How tall are you? And what’s that in metric? Introducing CLOSER’S ‘harmonised’ dataset

by Rebecca Hardy

Society has never quite come to terms with the change from imperial to metric measurements, particularly when it comes to weight and height. Ask people how tall they are or how much they weigh and you’re likely to get an answer in feet and inches, or stones and pounds. Ask again what that is in metric and more often than not you’ll get a blank look.

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How you can help decide the important societal issues tackled by longitudinal studies

Joe Ellery is an ESRC Policy Manager supporting the council’s strategic interests in Longitudinal and Biosocial, Data and Resources and International Strategy.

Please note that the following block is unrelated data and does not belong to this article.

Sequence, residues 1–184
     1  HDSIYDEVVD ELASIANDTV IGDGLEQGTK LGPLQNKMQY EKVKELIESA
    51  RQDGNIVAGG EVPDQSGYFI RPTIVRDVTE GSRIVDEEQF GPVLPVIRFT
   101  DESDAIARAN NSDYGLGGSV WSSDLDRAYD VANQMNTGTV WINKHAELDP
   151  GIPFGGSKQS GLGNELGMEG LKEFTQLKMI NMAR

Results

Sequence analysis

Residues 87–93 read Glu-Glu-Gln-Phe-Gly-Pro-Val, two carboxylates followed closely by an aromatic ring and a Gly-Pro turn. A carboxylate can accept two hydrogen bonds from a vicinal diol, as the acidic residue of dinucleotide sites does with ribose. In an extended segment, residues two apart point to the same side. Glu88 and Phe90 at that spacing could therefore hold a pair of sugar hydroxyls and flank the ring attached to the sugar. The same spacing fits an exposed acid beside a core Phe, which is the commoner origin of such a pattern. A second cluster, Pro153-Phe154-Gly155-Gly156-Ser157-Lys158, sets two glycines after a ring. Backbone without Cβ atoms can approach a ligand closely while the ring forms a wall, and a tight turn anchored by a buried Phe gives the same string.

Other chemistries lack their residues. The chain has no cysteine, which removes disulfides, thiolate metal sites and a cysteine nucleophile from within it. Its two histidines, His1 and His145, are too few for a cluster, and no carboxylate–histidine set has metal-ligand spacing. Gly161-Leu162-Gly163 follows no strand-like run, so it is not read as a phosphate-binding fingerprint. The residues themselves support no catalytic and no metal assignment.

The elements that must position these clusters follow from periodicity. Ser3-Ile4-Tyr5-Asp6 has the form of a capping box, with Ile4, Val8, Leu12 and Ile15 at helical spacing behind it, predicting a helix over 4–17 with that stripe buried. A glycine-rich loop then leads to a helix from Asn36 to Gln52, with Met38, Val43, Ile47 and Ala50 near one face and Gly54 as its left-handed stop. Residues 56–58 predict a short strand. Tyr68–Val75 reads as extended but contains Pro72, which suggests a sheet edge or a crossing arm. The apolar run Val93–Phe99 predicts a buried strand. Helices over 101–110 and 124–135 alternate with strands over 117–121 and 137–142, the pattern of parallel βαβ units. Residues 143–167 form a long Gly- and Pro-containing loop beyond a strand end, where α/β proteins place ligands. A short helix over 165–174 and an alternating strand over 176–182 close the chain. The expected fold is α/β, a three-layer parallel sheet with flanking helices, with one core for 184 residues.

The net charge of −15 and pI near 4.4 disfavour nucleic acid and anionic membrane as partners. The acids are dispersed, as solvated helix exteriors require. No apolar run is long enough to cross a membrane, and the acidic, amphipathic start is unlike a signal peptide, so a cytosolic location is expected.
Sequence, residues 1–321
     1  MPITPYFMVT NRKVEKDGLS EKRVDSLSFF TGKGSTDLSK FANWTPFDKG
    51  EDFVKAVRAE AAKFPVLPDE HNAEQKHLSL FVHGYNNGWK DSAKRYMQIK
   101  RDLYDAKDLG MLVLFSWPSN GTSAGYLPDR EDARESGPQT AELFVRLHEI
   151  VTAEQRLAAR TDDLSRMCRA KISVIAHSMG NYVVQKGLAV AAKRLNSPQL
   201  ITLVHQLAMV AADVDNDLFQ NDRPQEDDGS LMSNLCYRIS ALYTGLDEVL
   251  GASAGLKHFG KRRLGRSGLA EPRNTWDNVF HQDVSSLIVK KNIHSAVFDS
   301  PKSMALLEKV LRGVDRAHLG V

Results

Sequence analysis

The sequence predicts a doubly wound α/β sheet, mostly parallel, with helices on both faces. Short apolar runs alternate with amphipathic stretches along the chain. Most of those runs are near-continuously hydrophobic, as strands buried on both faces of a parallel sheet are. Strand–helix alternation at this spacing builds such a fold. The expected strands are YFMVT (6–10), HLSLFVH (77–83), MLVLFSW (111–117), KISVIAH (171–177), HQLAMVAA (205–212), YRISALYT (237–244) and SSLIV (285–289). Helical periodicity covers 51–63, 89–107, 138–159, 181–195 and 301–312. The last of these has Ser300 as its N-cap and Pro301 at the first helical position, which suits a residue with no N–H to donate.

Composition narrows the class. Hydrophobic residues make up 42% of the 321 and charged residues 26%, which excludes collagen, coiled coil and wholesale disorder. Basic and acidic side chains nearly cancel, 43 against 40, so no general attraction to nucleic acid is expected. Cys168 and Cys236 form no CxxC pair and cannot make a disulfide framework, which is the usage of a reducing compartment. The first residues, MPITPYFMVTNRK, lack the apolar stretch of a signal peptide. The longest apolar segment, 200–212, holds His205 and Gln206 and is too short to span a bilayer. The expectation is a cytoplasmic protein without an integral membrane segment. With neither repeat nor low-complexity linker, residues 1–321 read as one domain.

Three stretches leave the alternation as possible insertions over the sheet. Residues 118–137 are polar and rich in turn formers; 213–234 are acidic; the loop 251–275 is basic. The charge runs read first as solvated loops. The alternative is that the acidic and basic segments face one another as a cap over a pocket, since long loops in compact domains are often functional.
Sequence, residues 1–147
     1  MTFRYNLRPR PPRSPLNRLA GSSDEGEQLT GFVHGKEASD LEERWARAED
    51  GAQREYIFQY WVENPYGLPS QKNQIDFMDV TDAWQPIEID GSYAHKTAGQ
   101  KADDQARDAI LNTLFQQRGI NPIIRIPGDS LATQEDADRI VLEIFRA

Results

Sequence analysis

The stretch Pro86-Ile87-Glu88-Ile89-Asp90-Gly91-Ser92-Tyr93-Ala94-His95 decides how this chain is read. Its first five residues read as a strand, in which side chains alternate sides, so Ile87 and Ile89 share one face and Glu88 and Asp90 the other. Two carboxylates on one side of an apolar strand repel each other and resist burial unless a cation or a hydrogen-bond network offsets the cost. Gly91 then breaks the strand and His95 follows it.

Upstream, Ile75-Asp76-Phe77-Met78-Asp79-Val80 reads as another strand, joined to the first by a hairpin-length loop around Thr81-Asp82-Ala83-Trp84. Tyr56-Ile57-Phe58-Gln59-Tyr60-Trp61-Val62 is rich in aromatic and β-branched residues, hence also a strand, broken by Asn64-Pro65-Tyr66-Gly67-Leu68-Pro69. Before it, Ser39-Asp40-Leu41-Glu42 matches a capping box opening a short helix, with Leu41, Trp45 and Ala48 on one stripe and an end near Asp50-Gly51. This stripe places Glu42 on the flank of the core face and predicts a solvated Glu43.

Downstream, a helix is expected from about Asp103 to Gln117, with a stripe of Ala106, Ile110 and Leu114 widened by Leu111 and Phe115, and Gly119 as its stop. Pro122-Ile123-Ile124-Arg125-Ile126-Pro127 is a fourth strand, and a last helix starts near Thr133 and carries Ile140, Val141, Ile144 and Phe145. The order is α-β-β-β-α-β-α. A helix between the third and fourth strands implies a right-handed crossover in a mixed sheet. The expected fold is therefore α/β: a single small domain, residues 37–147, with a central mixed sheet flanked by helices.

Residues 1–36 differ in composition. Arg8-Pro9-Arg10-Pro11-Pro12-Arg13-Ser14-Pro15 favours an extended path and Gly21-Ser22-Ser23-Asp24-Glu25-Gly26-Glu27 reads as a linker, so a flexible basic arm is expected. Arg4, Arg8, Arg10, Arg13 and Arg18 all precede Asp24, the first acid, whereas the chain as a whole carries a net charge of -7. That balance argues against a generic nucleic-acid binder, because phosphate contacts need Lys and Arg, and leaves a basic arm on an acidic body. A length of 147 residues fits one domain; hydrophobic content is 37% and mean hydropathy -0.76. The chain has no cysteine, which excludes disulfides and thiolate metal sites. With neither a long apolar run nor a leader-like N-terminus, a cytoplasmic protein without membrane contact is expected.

Part of his role includes trying to better understand the range and type of international longitudinal and cohort studies, with a view to promoting collaboration with ESRC-funded studies.

joe-ellery

Every once in a while it’s important to take a step back and evaluate whether the path you’re travelling is leading you in a direction towards success. This is no different in the case of the UK’s world-leading longitudinal studies; in particular the ways in which these are funded and supported by the ESRC.

Despite their status as internationally-renowned sources of longitudinal data that span up to 60 years, it’s important to understand the future scientific needs for evidence over the lifecourse, in order to ensure the development of meaningful, robust and impactful research resources: resources as relevant to society as those we currently support. Continue reading